Lembeh Dive Guide

The Lembeh Straits is quickly becoming a big favorite with diving enthusiasts. The sea bed of the strait is mostly covered in black sand, and the diving style is most commonly referred to as "muck diving". At Lembeh, it's all about the small stuff.

There are around a dozen dive resorts spread out along both sides of the strait. For my first trip there, I was graciously hosted by Two Fish Divers.

Getting to Lembeh

If you're staying at a resort on Lembeh Island, you'll most likely need to get to Bitung to catch the boat to Lembeh. The nearest airport is in Manado, about 40 kilometers away. A taxi from Manado or the airport will run around 300,000 Rupiah. However, most resorts such as Two Fish or Murex offer a transfer service for about the same price, which will save you the hassle of navigating Bitung's chaotic pier on your own.

Lembeh Dive Resorts

There are now more than a dozen resorts spread out along either side of the strait. Most of them are relatively isolated, with no other resorts or other amenities about. They can be like being on a live-aboard, only without the motion sickness. If you're traveling with non-diving friends, a resort on the Sulawesi side of the strait may provide more diversions (with less travel time) than a place on Lembeh Island.

Two Fish Divers
Comfortable, if not posh, resort in its own small bay on Lembeh Island. They also have a larger resort on Bunaken, making Two Fish one of the best choices for those that want to dive both locations.
Lembeh Resort
Lembeh Resort consists of 14 cottages located on Lembeh Island. Their web site features some fantastic photographs.
Located on Lembeh island about midway down, Bastianos Lembeh is one of a group of resorts with locations in Manado as well as on Bunaken and Bangka.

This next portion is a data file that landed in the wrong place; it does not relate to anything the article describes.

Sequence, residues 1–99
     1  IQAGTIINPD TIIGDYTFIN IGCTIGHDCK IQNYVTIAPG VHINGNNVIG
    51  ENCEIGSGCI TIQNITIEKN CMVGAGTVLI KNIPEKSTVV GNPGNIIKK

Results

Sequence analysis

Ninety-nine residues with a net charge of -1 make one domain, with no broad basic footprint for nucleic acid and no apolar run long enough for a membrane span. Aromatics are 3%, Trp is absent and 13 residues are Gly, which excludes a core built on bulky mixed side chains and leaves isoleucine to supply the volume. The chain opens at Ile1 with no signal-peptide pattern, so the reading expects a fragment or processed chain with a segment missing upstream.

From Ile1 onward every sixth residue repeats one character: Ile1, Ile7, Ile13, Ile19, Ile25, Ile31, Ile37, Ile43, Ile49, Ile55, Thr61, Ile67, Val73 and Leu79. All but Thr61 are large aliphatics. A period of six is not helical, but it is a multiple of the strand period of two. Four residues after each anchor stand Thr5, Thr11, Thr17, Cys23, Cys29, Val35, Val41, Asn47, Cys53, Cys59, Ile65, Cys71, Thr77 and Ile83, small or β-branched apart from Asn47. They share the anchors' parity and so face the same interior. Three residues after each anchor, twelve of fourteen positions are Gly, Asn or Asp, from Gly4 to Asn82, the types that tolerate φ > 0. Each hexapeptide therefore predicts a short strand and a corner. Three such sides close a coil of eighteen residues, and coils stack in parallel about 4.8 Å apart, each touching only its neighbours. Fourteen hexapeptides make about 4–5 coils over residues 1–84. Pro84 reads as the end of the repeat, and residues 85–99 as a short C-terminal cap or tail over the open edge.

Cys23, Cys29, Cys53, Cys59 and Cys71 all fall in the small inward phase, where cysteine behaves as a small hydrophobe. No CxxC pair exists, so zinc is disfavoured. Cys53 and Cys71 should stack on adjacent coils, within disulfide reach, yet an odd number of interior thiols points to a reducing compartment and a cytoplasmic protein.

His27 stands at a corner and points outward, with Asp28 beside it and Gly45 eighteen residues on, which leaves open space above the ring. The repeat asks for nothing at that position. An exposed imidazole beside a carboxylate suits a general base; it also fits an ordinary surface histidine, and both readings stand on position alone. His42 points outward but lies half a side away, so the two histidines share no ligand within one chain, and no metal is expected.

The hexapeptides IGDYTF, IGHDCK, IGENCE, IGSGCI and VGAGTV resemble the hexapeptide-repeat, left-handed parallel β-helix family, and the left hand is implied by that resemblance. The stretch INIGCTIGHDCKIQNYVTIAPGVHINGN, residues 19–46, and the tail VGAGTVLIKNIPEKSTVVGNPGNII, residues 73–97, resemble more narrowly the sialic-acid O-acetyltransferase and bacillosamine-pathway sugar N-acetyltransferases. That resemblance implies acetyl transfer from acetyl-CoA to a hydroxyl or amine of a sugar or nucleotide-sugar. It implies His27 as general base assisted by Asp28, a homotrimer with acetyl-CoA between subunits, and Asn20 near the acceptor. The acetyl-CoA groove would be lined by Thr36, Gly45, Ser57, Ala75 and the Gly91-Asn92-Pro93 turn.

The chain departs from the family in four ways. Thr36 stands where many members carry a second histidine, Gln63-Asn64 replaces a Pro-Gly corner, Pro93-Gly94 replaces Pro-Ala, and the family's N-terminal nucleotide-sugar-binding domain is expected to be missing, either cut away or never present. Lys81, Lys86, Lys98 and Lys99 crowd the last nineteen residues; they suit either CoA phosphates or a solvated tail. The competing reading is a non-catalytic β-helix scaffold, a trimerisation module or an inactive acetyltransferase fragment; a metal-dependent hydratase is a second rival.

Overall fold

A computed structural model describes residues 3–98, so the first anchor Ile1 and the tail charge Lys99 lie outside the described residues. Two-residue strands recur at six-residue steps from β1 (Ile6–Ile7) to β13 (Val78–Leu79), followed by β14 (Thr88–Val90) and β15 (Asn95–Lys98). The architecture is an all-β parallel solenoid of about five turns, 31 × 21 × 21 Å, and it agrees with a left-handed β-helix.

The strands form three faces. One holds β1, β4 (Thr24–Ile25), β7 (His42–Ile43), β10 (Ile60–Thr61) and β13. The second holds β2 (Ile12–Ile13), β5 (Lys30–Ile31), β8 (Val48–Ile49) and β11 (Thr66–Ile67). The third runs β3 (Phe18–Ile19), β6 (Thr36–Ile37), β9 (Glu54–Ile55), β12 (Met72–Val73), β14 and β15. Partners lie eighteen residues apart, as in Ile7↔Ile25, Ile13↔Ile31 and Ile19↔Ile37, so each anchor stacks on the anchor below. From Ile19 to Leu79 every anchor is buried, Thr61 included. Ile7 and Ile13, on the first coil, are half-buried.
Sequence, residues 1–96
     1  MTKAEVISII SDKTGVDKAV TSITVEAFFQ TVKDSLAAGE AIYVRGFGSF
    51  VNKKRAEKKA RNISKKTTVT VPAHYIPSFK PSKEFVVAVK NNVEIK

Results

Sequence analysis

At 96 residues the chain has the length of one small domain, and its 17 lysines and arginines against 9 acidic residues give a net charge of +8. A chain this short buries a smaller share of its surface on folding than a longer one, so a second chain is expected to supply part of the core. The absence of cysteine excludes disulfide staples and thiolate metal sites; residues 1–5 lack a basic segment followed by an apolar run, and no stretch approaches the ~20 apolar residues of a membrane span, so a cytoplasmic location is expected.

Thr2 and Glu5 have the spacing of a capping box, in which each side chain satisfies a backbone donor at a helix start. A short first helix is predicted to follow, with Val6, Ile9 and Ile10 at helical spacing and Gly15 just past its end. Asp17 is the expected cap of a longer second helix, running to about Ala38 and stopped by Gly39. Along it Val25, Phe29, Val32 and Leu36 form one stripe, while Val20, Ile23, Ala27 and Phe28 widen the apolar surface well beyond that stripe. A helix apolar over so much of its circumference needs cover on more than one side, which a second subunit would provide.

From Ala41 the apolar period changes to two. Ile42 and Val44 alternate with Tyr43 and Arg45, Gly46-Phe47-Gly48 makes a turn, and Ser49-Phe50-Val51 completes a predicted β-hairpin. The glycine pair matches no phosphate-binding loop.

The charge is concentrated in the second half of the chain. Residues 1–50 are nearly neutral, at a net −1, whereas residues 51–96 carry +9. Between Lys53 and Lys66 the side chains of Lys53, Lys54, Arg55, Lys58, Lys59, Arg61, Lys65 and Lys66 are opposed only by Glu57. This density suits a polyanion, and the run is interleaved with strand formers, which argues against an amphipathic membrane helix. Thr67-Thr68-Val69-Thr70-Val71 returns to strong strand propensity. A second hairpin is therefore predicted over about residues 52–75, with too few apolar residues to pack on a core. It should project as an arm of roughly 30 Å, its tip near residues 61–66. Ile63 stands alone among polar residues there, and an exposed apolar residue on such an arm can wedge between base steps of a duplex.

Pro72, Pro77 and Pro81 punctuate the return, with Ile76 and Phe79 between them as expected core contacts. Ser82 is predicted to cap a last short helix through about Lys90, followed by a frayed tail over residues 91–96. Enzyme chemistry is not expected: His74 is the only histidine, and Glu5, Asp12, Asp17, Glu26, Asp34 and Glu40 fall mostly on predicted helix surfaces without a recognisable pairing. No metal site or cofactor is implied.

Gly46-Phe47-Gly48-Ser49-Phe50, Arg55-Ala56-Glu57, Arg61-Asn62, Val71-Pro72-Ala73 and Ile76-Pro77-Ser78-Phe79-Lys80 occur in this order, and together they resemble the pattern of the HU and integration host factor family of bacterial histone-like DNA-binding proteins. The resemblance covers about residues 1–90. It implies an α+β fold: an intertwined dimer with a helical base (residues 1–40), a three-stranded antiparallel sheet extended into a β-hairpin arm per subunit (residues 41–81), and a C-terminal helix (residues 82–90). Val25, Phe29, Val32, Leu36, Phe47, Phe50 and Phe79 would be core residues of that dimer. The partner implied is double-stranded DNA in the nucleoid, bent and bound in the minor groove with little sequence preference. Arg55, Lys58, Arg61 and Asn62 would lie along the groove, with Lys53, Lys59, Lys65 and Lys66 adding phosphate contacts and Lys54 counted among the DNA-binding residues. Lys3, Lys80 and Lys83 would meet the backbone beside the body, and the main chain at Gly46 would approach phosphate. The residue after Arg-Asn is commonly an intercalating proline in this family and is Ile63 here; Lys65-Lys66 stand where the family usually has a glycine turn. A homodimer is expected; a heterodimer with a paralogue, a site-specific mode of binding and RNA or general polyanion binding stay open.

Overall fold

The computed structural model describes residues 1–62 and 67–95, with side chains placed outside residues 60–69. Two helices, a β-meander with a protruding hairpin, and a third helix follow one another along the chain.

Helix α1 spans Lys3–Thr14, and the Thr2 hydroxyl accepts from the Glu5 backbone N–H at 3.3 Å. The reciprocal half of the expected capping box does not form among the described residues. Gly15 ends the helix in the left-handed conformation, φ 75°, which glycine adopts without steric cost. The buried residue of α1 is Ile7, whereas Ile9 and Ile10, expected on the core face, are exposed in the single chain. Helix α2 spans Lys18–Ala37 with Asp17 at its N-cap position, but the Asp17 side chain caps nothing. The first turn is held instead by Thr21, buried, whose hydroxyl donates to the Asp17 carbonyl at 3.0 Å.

Cocotinos Lembeh
Relatively luxe resort located on Sulawesi side of the strait. The dive center is operated by Odyssea Divers.

Lembeh Diving

Most of the diving around the Lembeh Strait are what's generally called "muck" dives. To the uninitiated, this sounds a lot less attractive than it is. It doesn't mean diving in low visibility, or rooting around in garbage on the sea floor. What it does mean is that you're diving not on a coral reef, but on a sandy bottom, usually black, with scattered rocks, "baby bommies" and, yes, "trash" such as old tires, mooring ropes, logs, and other detritus. The "good stuff" such as seahorses, frogfish and assorted scorpionfish are usually found lurking around these little hideouts, although sometimes you will see them scurrying along the open sandy bottom.

There are more than 30 dive sites over the length of the strait, as well as some more around the seaward sides of Lembeh Island. Many of the sites are very close together and not all of the sites have commonly accepted names. In reality, both sides of the strait are almost a single continuous dive site from around the middle of the strait on up.